Developer says it will proceed with caution on its development pipeline

Chris Grigg

Chris Grigg

British Land has slid to a total pre-tax loss of £205m in its half-year results after a 2.8% drop in the value of the developer’s portfolio.

The company behind the Cheesegrater attributed the valuation loss to a slowdown in estimated recovery values, particularly following the Brexit vote. The loss compared with a pre-tax profit of £823m for the same period last year.

However, underlying profit for the six months ended 30 September 2016 was up 15% to £206m, from £179m.

British Land also posted a drop of 3.6% in total revenue to £297m, down from £308m last year.

The company said that since the EU referendum it had conducted a review of its development pipeline and capital expenditure plans.

This has resulted in British Land deciding to proceed with the redevelopment of 100 Liverpool Street at Broadgate in the City of London and plans to start work next month once Swiss bank UBS has vacated the building.

British Land said it was still assessing its options for 1 Finsbury Avenue at Broadgate with its partner GIC on the venture, but it was now likely a lower cost refurbishment than previously planned would happne at the building to deliver the space back to the market by late 2018. Plans for the building include a mix of retail and leisure on the lower floors and less corporate and more flexible office space on the upper floors.

Meanwhile, having obtained planning permission last month for the redevelopment of 2-3 Finsbury Avenue Square, British Land confirmed that it was not likely to proceed with the scheme without a significant pre-let as revealed by Building last month. The building is due to be vacated by UBS in late 2018.

British Land’s largest development opportunity in its pipeline is at Canada Water and the firm said it was continuing to progress with the masterplan for the site and speak to potential occupiers with a view to still put in for planning approval next year.

The developer said it had a medium term pipeline of over 8 million sq ft of potential development opportunities, of which 1.9 million sq ft has planning permission secured. This includes its Blossom Street plans at Norton Folgate in Shoreditch.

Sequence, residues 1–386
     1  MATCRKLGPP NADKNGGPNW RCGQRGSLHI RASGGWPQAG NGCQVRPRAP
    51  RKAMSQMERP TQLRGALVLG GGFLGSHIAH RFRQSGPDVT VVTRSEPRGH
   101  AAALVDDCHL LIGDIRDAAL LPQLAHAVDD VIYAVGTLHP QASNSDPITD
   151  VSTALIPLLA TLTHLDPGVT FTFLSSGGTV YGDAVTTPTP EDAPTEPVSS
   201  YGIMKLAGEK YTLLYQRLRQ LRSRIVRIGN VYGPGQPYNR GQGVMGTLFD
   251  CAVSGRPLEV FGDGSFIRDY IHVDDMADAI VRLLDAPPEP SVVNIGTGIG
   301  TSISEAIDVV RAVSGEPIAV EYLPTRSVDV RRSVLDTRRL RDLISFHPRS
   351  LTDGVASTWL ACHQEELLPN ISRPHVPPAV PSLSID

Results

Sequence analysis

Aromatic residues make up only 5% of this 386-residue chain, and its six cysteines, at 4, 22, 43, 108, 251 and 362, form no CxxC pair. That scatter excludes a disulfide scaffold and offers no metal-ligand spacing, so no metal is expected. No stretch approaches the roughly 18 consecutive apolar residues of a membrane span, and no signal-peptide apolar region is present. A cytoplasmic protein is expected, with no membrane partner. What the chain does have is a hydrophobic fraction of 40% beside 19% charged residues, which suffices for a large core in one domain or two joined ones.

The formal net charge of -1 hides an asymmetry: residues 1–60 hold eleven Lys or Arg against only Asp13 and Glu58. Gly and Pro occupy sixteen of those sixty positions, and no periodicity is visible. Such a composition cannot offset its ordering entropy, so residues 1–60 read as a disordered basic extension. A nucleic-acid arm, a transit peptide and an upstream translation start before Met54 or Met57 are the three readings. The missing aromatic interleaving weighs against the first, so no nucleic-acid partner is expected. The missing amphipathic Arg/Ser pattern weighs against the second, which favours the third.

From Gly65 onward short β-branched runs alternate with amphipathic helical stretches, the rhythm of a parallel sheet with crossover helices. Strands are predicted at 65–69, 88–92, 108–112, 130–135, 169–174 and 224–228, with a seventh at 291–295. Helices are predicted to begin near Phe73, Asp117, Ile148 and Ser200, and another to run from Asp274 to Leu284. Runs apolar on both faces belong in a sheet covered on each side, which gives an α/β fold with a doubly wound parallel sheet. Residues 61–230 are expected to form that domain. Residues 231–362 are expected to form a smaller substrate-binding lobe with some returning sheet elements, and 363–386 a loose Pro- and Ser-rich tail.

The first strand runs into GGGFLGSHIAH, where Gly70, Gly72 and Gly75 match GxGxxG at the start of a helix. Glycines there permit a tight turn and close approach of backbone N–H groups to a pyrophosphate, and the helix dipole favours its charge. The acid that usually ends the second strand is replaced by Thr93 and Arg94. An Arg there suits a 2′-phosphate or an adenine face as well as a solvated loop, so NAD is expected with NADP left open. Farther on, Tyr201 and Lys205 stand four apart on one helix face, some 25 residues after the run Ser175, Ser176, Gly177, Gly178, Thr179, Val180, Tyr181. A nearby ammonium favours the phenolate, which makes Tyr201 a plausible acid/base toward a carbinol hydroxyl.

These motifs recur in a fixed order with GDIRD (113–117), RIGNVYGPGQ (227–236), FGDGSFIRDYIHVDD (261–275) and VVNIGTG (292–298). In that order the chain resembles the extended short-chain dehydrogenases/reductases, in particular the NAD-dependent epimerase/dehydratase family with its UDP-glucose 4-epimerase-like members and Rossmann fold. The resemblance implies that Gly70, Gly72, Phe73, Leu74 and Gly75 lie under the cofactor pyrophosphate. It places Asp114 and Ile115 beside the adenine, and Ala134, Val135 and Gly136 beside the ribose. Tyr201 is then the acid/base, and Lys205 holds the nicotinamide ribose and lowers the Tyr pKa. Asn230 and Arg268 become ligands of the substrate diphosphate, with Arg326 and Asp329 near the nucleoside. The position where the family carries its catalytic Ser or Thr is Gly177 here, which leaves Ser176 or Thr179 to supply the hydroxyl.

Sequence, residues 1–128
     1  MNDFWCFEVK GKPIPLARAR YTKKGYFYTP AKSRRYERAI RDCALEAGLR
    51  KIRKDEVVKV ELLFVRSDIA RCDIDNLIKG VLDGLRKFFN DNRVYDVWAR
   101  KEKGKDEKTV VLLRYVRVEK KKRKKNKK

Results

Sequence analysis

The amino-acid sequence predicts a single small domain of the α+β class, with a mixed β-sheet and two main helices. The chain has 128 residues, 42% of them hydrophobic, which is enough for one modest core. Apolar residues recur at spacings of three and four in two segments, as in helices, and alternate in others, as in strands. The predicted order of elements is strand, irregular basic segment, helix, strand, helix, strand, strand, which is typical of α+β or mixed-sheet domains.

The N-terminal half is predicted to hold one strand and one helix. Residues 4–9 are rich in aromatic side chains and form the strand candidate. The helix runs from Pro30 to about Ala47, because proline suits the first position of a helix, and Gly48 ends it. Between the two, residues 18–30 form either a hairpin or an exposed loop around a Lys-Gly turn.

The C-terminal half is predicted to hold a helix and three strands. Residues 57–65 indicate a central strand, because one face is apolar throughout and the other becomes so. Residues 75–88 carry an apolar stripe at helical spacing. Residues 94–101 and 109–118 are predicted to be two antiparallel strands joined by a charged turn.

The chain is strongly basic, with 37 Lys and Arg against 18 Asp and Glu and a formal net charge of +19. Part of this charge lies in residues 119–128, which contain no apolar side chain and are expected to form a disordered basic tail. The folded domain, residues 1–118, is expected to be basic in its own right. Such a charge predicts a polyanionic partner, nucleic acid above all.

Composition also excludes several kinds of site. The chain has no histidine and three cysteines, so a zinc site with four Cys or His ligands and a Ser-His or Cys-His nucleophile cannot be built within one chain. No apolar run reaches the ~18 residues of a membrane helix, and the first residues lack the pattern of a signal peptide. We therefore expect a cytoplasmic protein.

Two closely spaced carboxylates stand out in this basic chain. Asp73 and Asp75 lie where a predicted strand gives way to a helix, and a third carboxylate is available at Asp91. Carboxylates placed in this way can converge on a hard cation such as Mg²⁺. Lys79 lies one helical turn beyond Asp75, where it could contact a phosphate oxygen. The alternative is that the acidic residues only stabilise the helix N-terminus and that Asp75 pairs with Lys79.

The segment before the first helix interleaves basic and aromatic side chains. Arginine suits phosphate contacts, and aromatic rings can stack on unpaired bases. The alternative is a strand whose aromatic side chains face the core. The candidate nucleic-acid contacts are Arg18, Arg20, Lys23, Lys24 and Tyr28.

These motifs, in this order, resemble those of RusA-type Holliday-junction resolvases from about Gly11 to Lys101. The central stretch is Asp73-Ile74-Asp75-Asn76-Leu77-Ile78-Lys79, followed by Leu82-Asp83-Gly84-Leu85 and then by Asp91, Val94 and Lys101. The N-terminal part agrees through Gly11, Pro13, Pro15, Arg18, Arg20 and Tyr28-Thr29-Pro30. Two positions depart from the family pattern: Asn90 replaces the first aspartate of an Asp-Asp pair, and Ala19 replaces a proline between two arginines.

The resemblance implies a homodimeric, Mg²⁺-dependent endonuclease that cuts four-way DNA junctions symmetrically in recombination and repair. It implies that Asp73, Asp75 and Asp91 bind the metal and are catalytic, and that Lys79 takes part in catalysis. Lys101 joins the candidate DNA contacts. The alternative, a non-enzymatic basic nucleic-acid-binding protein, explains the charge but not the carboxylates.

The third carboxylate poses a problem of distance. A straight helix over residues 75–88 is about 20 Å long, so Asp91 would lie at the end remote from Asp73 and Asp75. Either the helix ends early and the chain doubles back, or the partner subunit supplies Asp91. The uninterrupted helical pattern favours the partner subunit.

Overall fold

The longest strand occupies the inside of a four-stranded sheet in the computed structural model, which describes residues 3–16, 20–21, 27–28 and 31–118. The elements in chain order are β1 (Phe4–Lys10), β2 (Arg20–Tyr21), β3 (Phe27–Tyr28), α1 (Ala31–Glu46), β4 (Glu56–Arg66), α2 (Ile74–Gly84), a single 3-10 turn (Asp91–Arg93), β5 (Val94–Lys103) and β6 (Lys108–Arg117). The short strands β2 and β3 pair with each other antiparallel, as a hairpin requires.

Earlier this month the Court of Appeal ruled that the planning permission for British Land’s proposed development could not be legally challenged, bringing the planning process to conclusion.

The company said it would now continue discussions with potential occupiers to secure a sufficient level of pre-lets before committing to the scheme.

Brexit has significant consequences which will result in a period of uncertainty, which British Land said meant it will particularly with its development pipeline proceed more cautiously.

British Land chief executive Chris Grigg said: “We’ve delivered a good set of results with a significant increase in underlying profits reflecting our actions and continued leasing momentum. We’re mindful of future uncertainty but are confident that our secure income streams and strong finances will ensure our business remains resilient.

“As occupiers become more discerning we expect our high quality portfolio to benefit from increasing polarisation. The evolving environment will be reflected in our tactical decisions, particularly on development where we expect to proceed more cautiously. We have modest speculative development commitments currently, even following our decision to redevelop 100 Liverpool Street. This is a great example of the opportunities within our portfolio which provide a source of future value.”

Yesterday, Land Securities said the UK’s decision to leave the EU hit the firm’s numbers with the firm racking up a £95m pre-tax loss in the six months to September from a £708m pre-tax profit in the first half of last year.